[Ads-l] A spade is not a shovel.

Laurence Horn laurence.horn at YALE.EDU
Mon Jul 31 12:55:22 EDT 2017


> On Jul 31, 2017, at 12:41 PM, Jonathan Lighter <wuxxmupp2000 at GMAIL.COM> wrote:
> 
> Some months ago I purchased a spade whose manufacturer's label described at
> as a "garden shovel."
> 
> In disbelief, I consulted the label on the real shovel. It said "square
> shovel."
> 
> Perhaps "spade," like "paddy wagon," is now thought offensive.
> 
> JL

I’ll believe it when folks start referring to the Ace of Shovels.  

> 
> On Mon, Jul 31, 2017 at 10:44 AM, Laurence Horn <laurence.horn at yale.edu>
> wrote:
> 
>>> On Jul 31, 2017, at 3:42 AM, Barretts Mail <mail.barretts at GMAIL.COM>
>> wrote:
>>> 
>>> What would be interesting to know is whether people who regularly use
>> both types of tools use the distinction, in which case “spade” might remain
>> in the US as jargon.
>>> 
>>> When I’m shoveling dirt, I usually use a spade because: 1) it’s lighter,
>> 2) shovels are more common, and 3) it doesn’t occur to me that there is an
>> advantage to using the squarish type.
>>> 
>>> BB
>> 
>> For me, “spade" is a hyponym of “shovel”.  If it’s got a pointed end, it’s
>> a spade (and also a shovel), if not, it’s a shovel (but not a spade).  I
>> have three snow shovels in my garage (different materials and shapes) but
>> no snow spade, but there’s a spade for digging in/up the garden with a nice
>> pointy end.
>> 
>> LH
>>> 
>>>> On 30 Jul 2017, at 23:08, Wilson Gray <hwgray at GMAIL.COM> wrote:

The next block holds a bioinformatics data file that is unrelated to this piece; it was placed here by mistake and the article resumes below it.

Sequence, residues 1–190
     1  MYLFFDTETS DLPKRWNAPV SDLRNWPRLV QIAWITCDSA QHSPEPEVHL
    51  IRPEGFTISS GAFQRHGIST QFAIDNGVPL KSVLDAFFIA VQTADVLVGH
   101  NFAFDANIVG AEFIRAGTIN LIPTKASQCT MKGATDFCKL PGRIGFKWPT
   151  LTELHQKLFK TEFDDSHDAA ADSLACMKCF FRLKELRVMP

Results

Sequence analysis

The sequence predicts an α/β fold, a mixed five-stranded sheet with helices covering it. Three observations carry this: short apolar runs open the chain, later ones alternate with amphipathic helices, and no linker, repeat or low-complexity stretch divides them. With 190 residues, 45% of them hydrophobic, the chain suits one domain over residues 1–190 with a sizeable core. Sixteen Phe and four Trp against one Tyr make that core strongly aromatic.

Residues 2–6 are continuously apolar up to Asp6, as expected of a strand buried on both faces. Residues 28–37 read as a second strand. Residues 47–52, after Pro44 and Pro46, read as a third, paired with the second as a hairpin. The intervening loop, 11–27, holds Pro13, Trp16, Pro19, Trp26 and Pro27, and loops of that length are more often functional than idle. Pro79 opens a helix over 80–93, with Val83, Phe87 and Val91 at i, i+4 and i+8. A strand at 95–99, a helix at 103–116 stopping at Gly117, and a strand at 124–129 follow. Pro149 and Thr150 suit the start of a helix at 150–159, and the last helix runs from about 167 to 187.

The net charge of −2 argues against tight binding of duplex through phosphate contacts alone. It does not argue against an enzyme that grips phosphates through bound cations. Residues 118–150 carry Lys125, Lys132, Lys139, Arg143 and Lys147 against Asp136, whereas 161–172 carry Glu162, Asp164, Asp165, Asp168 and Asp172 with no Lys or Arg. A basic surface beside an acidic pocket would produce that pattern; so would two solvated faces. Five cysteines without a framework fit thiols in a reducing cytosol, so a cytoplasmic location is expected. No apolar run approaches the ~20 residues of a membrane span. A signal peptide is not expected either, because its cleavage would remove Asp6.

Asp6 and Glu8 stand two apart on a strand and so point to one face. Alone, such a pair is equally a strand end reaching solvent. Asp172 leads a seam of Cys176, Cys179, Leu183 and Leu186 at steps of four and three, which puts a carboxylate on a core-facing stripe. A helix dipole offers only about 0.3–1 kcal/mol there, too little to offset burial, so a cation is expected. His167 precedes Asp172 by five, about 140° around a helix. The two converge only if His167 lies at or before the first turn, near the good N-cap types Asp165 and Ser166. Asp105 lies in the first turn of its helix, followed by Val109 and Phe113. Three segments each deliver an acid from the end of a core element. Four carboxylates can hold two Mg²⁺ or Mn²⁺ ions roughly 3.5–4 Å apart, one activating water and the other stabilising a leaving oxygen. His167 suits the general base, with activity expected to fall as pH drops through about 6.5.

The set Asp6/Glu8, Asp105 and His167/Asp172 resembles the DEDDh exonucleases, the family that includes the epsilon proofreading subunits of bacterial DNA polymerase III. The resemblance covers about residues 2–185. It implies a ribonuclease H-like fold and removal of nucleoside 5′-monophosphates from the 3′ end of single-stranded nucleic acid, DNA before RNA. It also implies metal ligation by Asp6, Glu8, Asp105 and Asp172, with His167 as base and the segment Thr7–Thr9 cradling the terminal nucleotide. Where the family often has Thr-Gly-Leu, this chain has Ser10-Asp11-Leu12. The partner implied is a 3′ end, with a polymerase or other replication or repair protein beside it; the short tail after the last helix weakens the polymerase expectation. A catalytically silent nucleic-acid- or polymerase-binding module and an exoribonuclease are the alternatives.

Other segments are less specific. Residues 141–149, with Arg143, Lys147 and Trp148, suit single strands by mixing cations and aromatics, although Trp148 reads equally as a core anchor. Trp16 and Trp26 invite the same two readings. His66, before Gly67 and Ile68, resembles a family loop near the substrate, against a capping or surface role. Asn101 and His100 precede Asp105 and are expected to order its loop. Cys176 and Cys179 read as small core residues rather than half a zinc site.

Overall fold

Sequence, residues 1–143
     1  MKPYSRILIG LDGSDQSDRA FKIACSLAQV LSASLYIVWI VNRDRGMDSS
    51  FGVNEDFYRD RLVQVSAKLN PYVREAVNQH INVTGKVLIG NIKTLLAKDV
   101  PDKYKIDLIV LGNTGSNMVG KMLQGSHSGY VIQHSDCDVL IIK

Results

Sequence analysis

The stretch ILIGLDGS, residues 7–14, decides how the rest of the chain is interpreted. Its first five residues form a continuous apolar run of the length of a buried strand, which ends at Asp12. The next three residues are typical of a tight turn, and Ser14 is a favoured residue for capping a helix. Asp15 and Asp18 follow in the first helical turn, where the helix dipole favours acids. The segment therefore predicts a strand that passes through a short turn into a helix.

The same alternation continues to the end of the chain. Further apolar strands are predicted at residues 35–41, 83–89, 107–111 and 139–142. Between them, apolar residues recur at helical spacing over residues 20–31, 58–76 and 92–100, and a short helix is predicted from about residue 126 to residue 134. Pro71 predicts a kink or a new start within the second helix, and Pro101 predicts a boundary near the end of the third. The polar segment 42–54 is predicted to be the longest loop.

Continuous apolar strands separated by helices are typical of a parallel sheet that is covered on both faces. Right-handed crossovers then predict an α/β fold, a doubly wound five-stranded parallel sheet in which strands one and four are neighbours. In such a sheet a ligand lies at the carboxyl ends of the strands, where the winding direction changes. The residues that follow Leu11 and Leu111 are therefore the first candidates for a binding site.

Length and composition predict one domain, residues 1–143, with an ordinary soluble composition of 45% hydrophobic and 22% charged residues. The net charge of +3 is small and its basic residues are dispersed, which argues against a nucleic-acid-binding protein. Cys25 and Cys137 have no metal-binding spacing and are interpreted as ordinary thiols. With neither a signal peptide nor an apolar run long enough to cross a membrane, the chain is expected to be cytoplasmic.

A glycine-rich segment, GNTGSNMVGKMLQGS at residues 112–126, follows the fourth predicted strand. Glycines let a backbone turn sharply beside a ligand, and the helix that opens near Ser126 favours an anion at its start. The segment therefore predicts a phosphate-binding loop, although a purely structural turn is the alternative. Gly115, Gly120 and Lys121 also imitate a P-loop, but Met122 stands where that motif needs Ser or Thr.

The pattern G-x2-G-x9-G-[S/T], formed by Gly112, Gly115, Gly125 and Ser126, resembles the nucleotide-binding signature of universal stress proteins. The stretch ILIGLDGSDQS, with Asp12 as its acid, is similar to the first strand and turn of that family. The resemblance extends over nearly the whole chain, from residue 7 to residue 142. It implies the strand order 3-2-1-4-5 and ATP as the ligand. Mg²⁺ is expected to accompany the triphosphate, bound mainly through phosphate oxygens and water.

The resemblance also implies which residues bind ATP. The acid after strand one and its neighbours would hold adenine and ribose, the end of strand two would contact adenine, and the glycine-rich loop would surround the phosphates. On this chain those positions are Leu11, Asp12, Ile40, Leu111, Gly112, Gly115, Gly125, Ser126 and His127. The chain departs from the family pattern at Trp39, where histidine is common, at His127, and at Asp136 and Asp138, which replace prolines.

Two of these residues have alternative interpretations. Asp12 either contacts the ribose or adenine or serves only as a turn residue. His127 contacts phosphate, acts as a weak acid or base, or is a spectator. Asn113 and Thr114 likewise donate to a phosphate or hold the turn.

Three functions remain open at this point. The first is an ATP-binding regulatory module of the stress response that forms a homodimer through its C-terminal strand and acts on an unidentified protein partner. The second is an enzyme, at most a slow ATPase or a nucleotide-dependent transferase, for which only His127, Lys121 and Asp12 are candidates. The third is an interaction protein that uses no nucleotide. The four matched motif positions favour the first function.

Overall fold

>>>> 
>>>>> “shovel” is US for “spade.”
>>>> 
>>>> Is that true of all 320,000,000 Americans, except for me, do you think?
>> Of
>>>> course, you are relying upon the authority of the Web and there's no
>>>> arguing with that. Perhaps the distinction will die with me, in about
>> five
>>>> years.
>>>> 
>>>> On Mon, Jul 31, 2017 at 12:05 AM, Barretts Mail <
>> mail.barretts at gmail.com>
>>>> wrote:
>>>> 
>>>>> Despite my mom teaching me the difference about four decades ago,
>> they’re
>>>>> all shovels to me. Wiktionary (https://en.wiktionary.org/wiki/shovel <
>>>>> https://en.wiktionary.org/wiki/shovel>) says that “shovel” is US for
>>>>> “spade.” BB
>>>>> 
>>>>>> On 30 Jul 2017, at 19:36, Wilson Gray <hwgray at GMAIL.COM> wrote:
>>>>>> 
>>>>>> A bunch of guys on TV with spades are calling them "shovels." Aren't
>> you
>>>>>> supposed to call a spade a "spade"? Or is the distinction between a
>> spade
>>>>>> and a shovel being lost, at least among city-folk, since no one uses
>>>>> spades
>>>>>> to dig ditches or uses shovels to shovel coal, anymore?
>>>>>> 
>>>>>> --
>>>>>> -Wilson
>>>>> 
>>>>> 
>>>>> ------------------------------------------------------------
>>>>> The American Dialect Society - http://www.americandialect.org
>>>>> 
>>>> 
>>>> 
>>>> 
>>>> --
>>>> -Wilson
>>>> -----
>>>> All say, "How hard it is that we have to die!"---a strange complaint to
>>>> come from the mouths of people who have had to live.
>>>> -Mark Twain
>>>> 
>>>> ------------------------------------------------------------
>>>> The American Dialect Society - http://www.americandialect.org
>>> 
>>> ------------------------------------------------------------
>>> The American Dialect Society - http://www.americandialect.org
>> 
>> ------------------------------------------------------------
>> The American Dialect Society - http://www.americandialect.org
>> 
> 
> 
> 
> -- 
> "If the truth is half as bad as I think it is, you can't handle the truth."
> 
> ------------------------------------------------------------
> The American Dialect Society - http://www.americandialect.org

------------------------------------------------------------
The American Dialect Society - http://www.americandialect.org


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